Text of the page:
California's stem cell programme is now free to start distributing its $3 billion funding to researchers, following the refusal of the state's Supreme Court to consider another legal challenge. The high court upheld last year's ruling by a lower court, which upheld the constitutionality of the California Institute for Regenerative Medicine (CIRM). The state is expected to begin issuing a series of bonds to fund new stem cell research projects and laboratories from next month.
In November 2004, 59 per cent of Californians voted in favour of Proposition 71, which established the CIRM and authorised it to issue bonds to fund stem cell research in the state - including work on human embryonic stem cells (ES cells). But although some loaned money has already been spent, most of the funding remains untouched, because of lawsuits brought by an alliance of groups opposed to the programme. Last April, claimants in a lawsuit challenging the setting up of the CIRM argued that the institute was unconstitutional, because the spending of taxpayer's money must be under state control.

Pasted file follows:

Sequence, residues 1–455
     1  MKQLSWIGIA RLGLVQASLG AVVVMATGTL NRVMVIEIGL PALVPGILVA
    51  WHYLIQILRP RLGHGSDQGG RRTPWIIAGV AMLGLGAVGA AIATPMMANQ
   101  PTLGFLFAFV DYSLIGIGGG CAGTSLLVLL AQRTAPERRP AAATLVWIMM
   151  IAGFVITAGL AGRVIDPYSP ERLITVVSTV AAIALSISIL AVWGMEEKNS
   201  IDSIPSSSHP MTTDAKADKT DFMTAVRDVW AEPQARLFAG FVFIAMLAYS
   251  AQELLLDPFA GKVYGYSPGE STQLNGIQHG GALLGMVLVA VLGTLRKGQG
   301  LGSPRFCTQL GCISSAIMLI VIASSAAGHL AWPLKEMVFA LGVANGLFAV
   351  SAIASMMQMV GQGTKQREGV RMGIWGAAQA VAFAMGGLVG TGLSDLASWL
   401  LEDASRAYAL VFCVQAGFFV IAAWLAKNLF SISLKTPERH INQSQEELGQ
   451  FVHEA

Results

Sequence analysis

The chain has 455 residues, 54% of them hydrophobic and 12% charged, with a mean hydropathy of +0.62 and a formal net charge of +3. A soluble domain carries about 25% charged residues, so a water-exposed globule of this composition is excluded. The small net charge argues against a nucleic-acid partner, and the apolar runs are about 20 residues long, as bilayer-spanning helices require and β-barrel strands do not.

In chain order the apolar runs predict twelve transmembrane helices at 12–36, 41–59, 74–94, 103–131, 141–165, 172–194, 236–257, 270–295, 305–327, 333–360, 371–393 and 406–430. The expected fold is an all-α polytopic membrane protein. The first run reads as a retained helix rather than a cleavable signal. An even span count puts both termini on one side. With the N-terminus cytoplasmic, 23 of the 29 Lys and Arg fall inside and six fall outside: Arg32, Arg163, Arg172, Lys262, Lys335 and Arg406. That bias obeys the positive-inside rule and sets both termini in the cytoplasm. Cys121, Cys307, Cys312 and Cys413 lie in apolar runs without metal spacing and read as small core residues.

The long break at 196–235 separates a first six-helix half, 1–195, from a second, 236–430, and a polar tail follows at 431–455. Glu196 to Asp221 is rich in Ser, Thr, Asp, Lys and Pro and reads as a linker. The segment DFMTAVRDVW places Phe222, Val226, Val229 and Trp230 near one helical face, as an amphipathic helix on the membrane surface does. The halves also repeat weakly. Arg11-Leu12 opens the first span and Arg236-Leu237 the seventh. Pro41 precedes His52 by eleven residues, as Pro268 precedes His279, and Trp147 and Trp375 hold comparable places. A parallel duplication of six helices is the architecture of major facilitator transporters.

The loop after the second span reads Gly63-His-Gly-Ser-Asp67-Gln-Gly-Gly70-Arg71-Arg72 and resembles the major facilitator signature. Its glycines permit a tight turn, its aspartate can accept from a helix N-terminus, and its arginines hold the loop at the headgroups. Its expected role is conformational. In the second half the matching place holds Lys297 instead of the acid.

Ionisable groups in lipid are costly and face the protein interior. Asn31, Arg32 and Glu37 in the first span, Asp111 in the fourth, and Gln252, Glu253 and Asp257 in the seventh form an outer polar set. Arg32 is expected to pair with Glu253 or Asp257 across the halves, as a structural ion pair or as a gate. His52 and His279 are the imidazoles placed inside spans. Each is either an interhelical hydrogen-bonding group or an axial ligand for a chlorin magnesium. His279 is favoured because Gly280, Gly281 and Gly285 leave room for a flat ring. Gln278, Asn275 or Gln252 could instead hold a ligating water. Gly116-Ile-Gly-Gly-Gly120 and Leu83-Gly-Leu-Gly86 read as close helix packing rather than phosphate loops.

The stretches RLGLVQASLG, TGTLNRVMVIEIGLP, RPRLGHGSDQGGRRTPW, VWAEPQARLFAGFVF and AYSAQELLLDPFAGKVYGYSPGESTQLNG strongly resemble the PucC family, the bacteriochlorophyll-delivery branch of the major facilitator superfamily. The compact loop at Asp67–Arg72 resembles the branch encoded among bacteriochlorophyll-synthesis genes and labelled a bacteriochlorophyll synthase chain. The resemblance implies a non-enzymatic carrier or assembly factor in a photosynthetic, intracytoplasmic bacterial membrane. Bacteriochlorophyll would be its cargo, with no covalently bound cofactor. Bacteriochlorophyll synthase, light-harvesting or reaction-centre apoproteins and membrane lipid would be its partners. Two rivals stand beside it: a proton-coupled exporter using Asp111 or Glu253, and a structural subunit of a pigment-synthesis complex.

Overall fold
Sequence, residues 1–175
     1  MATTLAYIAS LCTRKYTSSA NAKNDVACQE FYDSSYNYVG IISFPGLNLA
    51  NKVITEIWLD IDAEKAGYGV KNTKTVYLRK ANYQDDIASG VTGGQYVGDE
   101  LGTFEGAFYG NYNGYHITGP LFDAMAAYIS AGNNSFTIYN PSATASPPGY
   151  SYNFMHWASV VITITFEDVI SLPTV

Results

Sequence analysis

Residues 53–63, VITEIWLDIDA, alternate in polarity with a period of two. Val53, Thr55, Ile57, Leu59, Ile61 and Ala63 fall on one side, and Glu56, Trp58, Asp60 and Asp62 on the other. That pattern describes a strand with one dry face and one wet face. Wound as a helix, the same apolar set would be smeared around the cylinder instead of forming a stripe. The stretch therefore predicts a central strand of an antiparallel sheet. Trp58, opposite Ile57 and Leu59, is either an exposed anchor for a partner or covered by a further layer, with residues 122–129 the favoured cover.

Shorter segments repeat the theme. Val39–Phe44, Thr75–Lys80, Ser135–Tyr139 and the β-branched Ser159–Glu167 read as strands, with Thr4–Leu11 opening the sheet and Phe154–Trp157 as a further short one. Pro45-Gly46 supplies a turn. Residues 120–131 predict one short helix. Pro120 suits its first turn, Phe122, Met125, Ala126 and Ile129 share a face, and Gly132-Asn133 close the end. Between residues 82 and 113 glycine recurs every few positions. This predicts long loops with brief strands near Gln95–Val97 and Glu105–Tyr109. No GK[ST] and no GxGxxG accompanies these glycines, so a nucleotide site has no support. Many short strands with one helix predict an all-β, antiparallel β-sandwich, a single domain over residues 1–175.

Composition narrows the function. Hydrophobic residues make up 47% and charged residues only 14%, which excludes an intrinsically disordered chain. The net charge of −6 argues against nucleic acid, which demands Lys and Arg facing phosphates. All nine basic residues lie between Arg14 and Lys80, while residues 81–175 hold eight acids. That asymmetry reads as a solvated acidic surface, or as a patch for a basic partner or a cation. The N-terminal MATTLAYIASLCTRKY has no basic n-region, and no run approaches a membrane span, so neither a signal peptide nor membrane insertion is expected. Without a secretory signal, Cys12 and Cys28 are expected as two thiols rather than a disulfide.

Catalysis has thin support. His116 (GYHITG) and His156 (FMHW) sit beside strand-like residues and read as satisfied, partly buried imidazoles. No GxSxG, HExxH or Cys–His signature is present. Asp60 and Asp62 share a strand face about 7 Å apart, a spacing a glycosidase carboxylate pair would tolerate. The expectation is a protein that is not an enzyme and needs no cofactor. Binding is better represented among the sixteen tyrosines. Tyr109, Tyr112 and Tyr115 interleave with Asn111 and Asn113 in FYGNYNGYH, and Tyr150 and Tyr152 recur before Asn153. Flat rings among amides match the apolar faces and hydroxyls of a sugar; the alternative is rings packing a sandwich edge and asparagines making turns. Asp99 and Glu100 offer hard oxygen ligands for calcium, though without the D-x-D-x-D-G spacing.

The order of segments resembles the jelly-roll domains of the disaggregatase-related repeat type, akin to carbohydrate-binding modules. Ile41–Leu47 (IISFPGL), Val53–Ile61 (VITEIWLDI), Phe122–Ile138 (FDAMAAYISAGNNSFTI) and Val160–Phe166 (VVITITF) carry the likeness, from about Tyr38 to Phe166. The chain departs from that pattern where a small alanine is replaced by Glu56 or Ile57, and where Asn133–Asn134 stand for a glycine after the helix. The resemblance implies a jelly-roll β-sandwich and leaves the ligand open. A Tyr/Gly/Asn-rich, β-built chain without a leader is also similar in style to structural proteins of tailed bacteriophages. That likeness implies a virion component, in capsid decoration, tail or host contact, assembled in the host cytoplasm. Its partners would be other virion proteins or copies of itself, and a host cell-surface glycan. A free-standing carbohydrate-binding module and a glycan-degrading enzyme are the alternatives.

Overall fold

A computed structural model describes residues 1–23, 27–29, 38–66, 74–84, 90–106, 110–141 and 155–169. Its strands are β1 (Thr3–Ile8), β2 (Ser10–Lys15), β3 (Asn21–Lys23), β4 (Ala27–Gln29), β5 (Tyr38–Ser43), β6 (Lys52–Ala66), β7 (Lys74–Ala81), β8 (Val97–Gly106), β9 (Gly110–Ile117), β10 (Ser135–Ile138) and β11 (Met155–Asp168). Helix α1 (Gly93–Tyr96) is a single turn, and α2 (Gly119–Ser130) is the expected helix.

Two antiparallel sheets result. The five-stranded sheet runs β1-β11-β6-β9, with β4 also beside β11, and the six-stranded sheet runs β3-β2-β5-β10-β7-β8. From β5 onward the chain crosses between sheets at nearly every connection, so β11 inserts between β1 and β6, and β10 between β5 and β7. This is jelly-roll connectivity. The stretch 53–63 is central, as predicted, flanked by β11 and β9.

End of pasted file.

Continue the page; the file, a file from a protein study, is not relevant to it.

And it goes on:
However, in a hearing at the Alameda County Superior Court, Judge Bonnie Lewman Sabraw ruled that the CIRM was constitutional, and that the plaintiffs 'did not present any evidence that the state is appropriating funds for any purpose or benefit other than a public purpose, the public purpose declared in Proposition 71 of fighting disease and promoting the general economy of the state'. The latest unsuccessful appeal against the decision was made to the Supreme Court by the Californian Family Bioethics Council. Dana Cody, representing the alliance of challenging groups, said: 'We are at the end of the line. We are disappointed'.
Robert Klein, chairman of CIRM, called the decision 'a great victory', adding 'our $3 billion is free from restrictions from the extreme ideological right wing'. Governor Arnold Schwarzenegger echoed his sentiments, saying: 'Today's action by the California Supreme Court is a victory for our state because potentially life-saving science can now continue without a shadow of legal doubt'.